Ads for cigarettes were all over the place. Smoking is restricted or banned in almost all public places and cigarette companies are no longer allowed to advertise on TV, radio, and in many magazines.
Persons using assistive technology might not be able to fully access information in this file. For assistance, please send e-mail to: Type Accommodation and the title of the report in the subject line of e-mail.
Tobacco Use Among Students Aged Years Philippines, and Tobacco use is one of the major preventable causes of premature death and disease in the world. This report presents findings from the GYTS conducted in the Philippines in andwhich revealed substantial declines in the proportions of students aged years who currently smoked cigarettes, currently used other tobacco products, were likely to start smoking in the next year, or were exposed to secondhand smoke in public places.
The findings also indicated an increase in the proportion of students who supported bans on smoking in public places, had learned about the dangers of tobacco use in school, and had seen antitobacco messages in media and advertising.
Public health authorities in the Philippines should evaluate their current tobacco-control programs and enhance or expand them to further reduce youth smoking.
GYTS is a school-based survey that collects data from students aged years by using a standardized methodology for constructing the sample frame, selecting participating schools and classes, and processing data.
GYTS uses a two-stage, cluster-sample design that produces representative samples of students in grades associated with ages years 2. In the Philippines, this age range is covered by the second, third, and fourth years of secondary school; the GYTS sampling frame included all secondary schools containing these grade levels.
At the first sampling stage, the probability of selecting a school was proportional to the number of students enrolled in the specified grades.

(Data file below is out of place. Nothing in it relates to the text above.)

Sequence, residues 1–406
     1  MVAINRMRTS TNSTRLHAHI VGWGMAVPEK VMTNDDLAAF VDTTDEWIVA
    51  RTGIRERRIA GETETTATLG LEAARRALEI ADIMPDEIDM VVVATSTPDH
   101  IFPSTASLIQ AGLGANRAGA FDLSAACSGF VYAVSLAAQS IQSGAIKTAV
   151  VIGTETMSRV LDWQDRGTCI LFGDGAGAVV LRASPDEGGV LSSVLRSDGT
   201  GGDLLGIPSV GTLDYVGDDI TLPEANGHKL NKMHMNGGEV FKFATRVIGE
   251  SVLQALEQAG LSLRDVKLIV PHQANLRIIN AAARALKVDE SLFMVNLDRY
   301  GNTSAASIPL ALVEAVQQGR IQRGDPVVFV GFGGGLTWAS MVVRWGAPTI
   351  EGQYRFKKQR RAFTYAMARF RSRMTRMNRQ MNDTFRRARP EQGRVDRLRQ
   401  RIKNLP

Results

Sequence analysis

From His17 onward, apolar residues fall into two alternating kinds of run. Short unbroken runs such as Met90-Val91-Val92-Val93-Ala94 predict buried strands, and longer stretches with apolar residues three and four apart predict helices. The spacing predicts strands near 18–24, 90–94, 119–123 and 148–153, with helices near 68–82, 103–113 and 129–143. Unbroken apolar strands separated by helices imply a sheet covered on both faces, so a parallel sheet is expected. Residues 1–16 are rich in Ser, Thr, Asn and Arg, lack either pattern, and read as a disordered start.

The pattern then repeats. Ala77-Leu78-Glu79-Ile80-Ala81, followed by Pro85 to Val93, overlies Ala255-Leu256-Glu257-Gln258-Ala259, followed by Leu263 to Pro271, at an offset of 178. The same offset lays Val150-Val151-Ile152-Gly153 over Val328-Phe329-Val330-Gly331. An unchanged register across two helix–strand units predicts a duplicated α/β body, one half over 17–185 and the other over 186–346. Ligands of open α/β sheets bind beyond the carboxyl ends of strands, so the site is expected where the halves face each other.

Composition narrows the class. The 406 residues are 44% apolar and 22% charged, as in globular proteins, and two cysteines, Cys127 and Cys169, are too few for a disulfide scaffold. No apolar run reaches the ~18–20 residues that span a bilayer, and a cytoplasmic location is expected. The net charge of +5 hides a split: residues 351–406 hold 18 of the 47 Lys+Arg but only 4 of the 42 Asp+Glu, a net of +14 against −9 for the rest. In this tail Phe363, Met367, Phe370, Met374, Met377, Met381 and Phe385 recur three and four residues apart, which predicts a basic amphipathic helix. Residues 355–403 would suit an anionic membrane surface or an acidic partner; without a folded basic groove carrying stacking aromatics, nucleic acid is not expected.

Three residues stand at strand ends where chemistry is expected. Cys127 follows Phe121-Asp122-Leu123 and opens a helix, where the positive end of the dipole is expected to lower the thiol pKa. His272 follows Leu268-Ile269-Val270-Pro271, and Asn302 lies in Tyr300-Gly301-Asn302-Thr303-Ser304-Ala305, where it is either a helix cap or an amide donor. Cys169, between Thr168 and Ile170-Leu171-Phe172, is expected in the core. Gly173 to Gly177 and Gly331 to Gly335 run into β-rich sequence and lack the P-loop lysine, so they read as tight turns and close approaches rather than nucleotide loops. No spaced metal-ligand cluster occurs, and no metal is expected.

At the second stage, classes within the selected schools were randomly selected. All students attending school in the selected classes on the day the survey was administered were eligible to participate.
Ina total of 11, students completed the GYTS, and ina total of 7, completed the survey. The school response rate was This analysis compared the and survey results by using several indicators of tobacco use.
The indicators included lifetime cigarette smoking, age of initiation of cigarette smoking, current cigarette smoking, current use of other tobacco products, likelihood of never smokers to initiate smoking in the next year, exposure to secondhand smoke, tobacco education, exposure to tobacco images in media and advertising, cessation efforts, and access to tobacco.
In both years, approximately four in 10 students in the Philippines reported ever smoking cigarettes i. Adolescent boys were significantly more likely than adolescent girls to have ever smoked.
Approximately one in eight students who had smoked cigarettes reported smoking their first cigarette before age 10 years: Current tobacco use and likely initiation of smoking among never smokers declined significantly from to The percentage of students who reported being current cigarette smokers or currently using other tobacco products declined significantly.
Among adolescent boys, the percentage of current smokers declined by approximately one third, from Among adolescent girls, the decline was similar, from Current use of other tobacco products declined by nearly half for both adolescent boys and adolescent girls, from The percentage of students who had never smoked but were likely to initiate smoking in the next year also decreased by nearly half, from Changes in current tobacco use were mirrored by other results that indicated an increase in antismoking sentiment in the Philippines.